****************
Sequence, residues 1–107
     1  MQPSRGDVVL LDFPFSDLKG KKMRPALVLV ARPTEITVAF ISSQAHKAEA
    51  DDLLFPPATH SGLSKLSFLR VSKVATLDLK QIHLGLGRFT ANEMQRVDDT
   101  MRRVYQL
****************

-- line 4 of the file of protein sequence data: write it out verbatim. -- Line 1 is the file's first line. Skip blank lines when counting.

   101  MRRVYQL